If only we could capture that joy in the simple that children have, we would all be much happier.

Excuse me now…one of the princesses needs a bath and the other, a dress repair.

All in the day of the Queen.

The Joys of One: The Awesome Benefits of Being an Only Child

I know that many only children say how they wished for siblings or felt lonely growing up. I know people that say only children are brats and selfish. Too socially awkward. Too independent.

Screw that. Let’s talk about the awesome benefits of being an only kid. I myself, am raising an only. I happen to be the youngest of four girls, so these benefits are from my perspective, and not my kid’s, who is only two and too young to blog, but hell, she’s not too young to work. That kid needs to find some legitimate employment.

In any case, let me enlighten those that scorn the life of an only.

#1-Only Kids never get hand-me-downs.

As a kid, the dress I wore in my 1,2, and probably 3rd grade class photos are all hand-me-downs. I used to open my sister’s closets and say, “That’ll be mine soon.” While that was all sweet and dandy especially if I loved an item, I hated getting the hand-me downs. I wanted my own stuff, probably a bit greedy of me, but whatever.

When you get an ice cream cone, you don’t want it pre-licked do you?

Me neither. Three cheers for having your own clothes!

#2- Investment.

As a kid, I had asked to join a township activity but my parents didn’t have the money at the time. My sisters hadn’t had  that misfortune to miss out on activities, but guess what, I came at the wrong time apparently.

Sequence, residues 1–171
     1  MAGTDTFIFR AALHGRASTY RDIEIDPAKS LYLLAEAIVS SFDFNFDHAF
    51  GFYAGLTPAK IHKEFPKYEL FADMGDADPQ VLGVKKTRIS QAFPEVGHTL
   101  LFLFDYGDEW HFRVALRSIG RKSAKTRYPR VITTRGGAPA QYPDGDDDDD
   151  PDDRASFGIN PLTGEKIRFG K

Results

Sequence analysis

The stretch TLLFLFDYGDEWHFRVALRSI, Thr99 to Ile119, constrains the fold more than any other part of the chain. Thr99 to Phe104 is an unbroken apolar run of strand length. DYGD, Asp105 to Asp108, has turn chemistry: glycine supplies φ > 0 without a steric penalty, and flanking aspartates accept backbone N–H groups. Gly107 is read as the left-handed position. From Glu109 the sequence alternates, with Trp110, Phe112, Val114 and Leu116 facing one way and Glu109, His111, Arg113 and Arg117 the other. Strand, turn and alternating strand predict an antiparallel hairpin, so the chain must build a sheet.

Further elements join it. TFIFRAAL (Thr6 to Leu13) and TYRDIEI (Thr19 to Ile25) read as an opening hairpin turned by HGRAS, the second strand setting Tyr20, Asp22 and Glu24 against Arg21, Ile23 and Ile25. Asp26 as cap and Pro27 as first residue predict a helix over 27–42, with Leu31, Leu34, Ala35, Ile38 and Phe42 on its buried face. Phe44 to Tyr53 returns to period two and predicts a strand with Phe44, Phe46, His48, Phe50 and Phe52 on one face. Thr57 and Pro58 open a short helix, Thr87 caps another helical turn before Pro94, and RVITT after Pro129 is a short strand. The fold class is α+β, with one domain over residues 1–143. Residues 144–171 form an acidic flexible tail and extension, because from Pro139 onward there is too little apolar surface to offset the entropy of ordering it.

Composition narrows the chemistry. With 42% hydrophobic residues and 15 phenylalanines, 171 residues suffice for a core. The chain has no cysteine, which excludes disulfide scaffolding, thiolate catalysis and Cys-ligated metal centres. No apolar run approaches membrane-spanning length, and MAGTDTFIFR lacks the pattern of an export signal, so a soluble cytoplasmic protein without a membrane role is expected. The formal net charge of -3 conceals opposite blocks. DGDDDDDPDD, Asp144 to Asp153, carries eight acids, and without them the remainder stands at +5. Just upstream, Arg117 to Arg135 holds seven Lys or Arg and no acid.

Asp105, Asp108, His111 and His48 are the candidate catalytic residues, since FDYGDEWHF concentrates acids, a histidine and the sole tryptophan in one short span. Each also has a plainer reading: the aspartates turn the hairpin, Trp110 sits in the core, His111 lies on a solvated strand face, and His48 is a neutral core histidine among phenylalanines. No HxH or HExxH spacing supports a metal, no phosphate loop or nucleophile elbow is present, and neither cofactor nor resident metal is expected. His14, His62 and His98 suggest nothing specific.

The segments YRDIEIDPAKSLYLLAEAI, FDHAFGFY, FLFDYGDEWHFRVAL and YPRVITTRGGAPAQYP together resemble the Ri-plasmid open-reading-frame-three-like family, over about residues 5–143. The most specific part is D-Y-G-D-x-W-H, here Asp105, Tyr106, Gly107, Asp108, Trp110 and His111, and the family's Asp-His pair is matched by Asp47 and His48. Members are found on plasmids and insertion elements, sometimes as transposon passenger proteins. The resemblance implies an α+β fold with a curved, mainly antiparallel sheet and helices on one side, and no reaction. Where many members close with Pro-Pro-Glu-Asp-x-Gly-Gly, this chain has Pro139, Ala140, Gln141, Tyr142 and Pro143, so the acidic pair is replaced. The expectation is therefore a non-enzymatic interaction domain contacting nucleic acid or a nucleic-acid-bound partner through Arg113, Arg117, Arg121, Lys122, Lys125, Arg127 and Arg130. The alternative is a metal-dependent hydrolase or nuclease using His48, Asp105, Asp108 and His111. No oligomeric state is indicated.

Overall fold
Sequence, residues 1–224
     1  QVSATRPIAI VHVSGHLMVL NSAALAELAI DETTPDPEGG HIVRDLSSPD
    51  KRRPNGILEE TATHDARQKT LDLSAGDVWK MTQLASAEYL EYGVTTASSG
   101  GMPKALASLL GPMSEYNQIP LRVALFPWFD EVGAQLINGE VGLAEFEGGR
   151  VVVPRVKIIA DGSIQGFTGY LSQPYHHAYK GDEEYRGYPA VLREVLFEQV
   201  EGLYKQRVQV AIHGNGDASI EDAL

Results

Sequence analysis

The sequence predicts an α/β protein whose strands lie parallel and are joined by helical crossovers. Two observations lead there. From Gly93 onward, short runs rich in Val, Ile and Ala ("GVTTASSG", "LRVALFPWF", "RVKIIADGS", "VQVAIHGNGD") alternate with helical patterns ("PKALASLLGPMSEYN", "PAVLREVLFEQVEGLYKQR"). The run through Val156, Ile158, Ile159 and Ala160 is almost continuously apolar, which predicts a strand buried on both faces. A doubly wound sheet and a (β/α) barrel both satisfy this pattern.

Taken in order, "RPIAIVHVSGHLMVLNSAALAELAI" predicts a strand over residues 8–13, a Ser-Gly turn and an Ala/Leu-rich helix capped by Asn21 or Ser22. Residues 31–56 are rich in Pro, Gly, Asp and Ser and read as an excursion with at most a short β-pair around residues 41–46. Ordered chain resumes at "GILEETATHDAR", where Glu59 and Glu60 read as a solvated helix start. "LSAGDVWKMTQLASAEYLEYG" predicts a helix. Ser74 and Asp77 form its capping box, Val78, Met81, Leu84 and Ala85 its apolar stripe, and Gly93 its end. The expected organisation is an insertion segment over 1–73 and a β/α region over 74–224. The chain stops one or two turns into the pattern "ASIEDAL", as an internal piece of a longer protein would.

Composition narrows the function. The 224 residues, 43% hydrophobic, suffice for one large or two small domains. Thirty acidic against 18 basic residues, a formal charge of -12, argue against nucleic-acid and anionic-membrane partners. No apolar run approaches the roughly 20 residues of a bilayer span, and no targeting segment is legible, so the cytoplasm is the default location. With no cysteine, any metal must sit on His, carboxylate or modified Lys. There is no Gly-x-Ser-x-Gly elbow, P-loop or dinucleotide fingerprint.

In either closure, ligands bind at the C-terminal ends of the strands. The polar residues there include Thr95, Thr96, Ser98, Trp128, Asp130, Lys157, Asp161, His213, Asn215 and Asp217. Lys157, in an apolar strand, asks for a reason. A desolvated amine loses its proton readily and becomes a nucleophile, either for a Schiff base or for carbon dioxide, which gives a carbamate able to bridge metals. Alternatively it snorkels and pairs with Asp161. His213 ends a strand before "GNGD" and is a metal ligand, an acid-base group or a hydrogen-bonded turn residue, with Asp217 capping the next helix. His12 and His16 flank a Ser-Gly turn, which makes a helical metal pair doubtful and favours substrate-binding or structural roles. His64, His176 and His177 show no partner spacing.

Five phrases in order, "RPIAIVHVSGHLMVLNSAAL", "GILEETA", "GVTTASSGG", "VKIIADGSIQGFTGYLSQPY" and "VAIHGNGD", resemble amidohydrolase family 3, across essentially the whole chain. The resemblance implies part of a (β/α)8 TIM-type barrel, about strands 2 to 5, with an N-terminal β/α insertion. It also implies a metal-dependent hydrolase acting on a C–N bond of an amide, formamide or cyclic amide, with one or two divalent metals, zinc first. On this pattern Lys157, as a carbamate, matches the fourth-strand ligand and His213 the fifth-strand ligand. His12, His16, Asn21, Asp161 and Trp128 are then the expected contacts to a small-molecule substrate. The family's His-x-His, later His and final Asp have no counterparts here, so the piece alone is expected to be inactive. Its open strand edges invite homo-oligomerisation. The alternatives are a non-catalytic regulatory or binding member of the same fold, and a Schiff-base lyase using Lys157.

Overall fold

An only child is the only kid reaping the dividends, and that’s not so bad, especially when it comes time to  go to college.

Remember when Brandon and Brenda from 90210 fought over who got to go to private college or state school?

Not an only. They get whatever is available, whether it’s awesome or crappy, but at least there’s no one else having it better than you did!

#3-Your Own Freaking Name

By the time I went to school, every teacher called me by one of my sister’s names. I used to think they should just have called me, “Kid #4” or “DenaDebbieLIsa,” which are my sisters’ names.

As an only, there will be no one else to mistake you for, and no one to compare you to. You’re the one, the only, the golden child. You get to be the funny, cute, and smart one. You don’t have to live your life under some superlative that compares you both directly and indirectly to your siblings.


#4 Time.

As your parent, I get to have time for you. I don’t have to divide it up with some other child. You get all my time. In my house, that small bit of attention was divided by four. I can’t see how having your parent’s attention and time is all that bad, unless of course your parents happen to be psychos, in which case, you’re screwed anyway.

#5 Annoyances be gone!

I love my siblings. Everyone talks about how much kids love their siblings. Guess what? A good amount also hate their siblings. A good amount of people were decent kids and then bam–their parents decided to have another kid, and you know what? That kid sucked. Not all siblings are great. Not everyone is close to his or her siblings.

Yes, as an only kid my child will never be someone’s aunt, but she also won’t have to deal with any crazy siblings either.

The moral of the story?

Only children are not prone to a life of misery because they don’t have some other sibling to play with and break their toys or possibly screw their boyfriends. Siblings are great and people should reproduce as they feel fit and feel they can care for their kids, but don’t knock onlies.

Onlies get time, attention, and independence. They learn to be self-reliant and have a good amount of resources to help them succeed in life.

Really, it’s not the end of the world. In fact, do your research those who admonish families with onlies: Only kids are often happier.